But in this particular re-reading, I paid attention to the whole “Magic” theme- which of course has nothing to do with magic, or even meditation as so many panicked Christian homeschoolers wrote about 15 years or so ago.  It’s really more along the lines of the power of positive thinking; very forward-looking of Francis Hodgson Burnett, since the power of positive thinking hadn’t even been invented yet!

This is her comment on thoughts and words:  “To let a sad thought or a bad thought get into your mind is as dangerous as letting a scarlet fever germ get into your body.  If you let it stay there after it has got in you may never over it as long as you live.  So long as Mistress Mary’s mind was full of disagreeable thoughts about her dislikes and sour opinions of people and her determination not to be pleased by or interested in anything, she was a yellow-faced, sickly, bored, and wretched child… So long as Colin shut himself up in his room and thought only of his fears and weakness and his detestation of people who looked at him and reflected hourly on humps and early death, he was a hysterical half-crazy little hypochondriac who knew nothing about sunshine and the spring and who did not know that he could get well and could stand upon his feet if he tried to do it…There was a man wandering about… beautiful places…a man who for ten years had kept his mind filled with dark and heart-broken thinking.  He had not been courageous; he had never tried to put any other thoughts in place of the dark ones…”

Of course, “circumstances” interfered in all three cases- and “Much more surprising things can happen to anyone who, when a disagreeable or discouraged thought comes into his mind, just has the sense to remember in time, and push it out by putting in an agreeable determinedly courageous one.”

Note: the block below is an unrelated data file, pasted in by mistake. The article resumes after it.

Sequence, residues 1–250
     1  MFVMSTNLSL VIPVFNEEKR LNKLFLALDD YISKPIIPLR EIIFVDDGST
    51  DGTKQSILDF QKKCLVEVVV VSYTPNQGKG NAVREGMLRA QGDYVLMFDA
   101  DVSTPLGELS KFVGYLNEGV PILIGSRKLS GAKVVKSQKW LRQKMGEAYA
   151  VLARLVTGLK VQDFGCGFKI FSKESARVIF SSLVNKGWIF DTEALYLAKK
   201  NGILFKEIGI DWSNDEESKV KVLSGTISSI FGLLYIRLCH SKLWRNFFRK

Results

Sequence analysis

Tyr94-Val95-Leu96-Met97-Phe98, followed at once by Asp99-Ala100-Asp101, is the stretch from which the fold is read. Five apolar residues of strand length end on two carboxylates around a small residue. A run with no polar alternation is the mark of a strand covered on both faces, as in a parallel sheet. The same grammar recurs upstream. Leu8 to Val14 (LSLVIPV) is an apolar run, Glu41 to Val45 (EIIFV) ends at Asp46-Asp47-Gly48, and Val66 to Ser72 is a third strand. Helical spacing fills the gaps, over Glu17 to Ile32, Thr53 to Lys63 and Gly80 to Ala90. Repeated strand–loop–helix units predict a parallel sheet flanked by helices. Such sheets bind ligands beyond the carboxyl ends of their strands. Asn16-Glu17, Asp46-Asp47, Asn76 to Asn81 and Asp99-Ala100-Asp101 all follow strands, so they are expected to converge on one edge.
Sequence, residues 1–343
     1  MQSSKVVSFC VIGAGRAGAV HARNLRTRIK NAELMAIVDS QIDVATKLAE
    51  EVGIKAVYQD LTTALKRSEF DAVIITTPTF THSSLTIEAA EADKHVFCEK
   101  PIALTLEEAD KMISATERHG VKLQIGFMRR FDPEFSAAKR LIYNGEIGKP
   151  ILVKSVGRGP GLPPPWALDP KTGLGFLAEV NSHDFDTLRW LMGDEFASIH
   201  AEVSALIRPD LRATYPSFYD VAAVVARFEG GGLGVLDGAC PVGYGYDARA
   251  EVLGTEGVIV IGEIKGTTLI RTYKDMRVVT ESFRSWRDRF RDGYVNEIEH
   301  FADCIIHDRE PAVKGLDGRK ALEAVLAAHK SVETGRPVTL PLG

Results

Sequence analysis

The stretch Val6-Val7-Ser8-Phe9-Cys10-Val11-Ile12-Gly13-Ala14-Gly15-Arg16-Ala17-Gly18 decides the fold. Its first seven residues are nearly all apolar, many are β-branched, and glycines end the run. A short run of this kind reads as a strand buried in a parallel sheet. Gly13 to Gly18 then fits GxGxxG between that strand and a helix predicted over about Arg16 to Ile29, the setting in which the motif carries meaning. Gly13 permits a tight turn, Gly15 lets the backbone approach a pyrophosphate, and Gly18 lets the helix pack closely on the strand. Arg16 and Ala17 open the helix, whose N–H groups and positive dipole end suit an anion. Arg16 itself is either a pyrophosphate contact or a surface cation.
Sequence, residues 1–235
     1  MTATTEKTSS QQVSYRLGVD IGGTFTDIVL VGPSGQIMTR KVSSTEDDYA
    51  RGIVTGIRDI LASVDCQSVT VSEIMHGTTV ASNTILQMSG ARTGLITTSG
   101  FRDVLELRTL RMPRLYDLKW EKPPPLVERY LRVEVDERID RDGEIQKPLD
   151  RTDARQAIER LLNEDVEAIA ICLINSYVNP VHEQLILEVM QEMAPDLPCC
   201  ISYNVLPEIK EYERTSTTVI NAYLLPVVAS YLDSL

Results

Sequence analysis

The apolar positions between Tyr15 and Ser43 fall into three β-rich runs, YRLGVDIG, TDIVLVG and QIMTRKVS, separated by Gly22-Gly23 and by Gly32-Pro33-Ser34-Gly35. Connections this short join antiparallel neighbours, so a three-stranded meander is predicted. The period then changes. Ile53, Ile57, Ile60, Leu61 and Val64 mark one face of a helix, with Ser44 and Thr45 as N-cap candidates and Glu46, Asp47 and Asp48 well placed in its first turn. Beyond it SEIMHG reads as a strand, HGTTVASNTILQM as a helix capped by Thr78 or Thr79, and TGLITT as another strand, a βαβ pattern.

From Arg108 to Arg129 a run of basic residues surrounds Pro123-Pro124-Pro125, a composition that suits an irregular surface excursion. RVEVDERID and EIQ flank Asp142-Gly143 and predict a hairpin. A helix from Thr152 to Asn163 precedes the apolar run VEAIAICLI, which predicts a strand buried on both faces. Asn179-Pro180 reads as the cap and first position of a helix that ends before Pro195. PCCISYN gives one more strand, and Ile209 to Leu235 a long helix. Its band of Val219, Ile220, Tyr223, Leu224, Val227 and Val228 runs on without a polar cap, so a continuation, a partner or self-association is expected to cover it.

I read this coming up to my birthday- a birthday I had already refused to celebrate because, officially, we didn’t have the time or money, and I’m not a child any more, and unofficially, because I was, quite frankly, sulking.  Why celebrate my birthday if I’m not happy, if I’m dissatisfied with certain key aspects of my life?  (If I’m living 1. with my in-laws, 2. in a house I hate, 3. on the other side of the tracks and I could continue my complaining.)

I read this simple little story about the rebirth of these three miserable people, and I felt very foolish and childish.  I don’t actually have much to complain about- no, my life does not fall in with the way I might have planned it.  But does anybody’s?  People live lives a hundred times worse than mine- and I have a thousand reasons to be grateful.  And a great part of my problem is an overindulged imagination, a heightened sense of importance, and a bad case of self-pity.  Too many bad thoughts; too many internal discussions; too little courage in refusing to sulk.

I have developed over the last few years a tendency toward negative thoughts; something that has definitely influenced a tendency to depression; and it’s not only foolish and self-destructive- it’s a sin.  F.H. Burnett  says “Two things cannot be in one place: ‘If you plant a rose, my lad, a thistle cannot grow.'”  The Bible puts it more revealingly-“The eye is the lamp of the whole body; so then if your eye is clear, your whole body will be full of light.  But if your eye is bad, your whole body will be full of darkness.  If then the light that is in you is darkness, how great is the darkness!” (Matt. 6:22-23) and ” If therefore your whole body is full of light, with no dark part in it, it will be wholly illumined, as when the lamp illumines you with its rays.” (Luke 11:36)

Life is not perfect, and it would be foolish to insist that it is.  Happy endings are not a given.  Bad things happen to good people, and good things happen to bad people.  But indulging in dismal Eeyore thoughts and self-pity do not relieve the situation.  They only intensify it.  I see no reason to pretend everything is wonderful- that is silly, too, and I think the American tendency to pretend  (does anyone ever answer “how are you?” honestly?) explains the explosion of analysts, therapists, and psychologists.    But we do have a choice: we can choose to dwell on our ills- or to be grateful for the good that we can find even in the worst situation.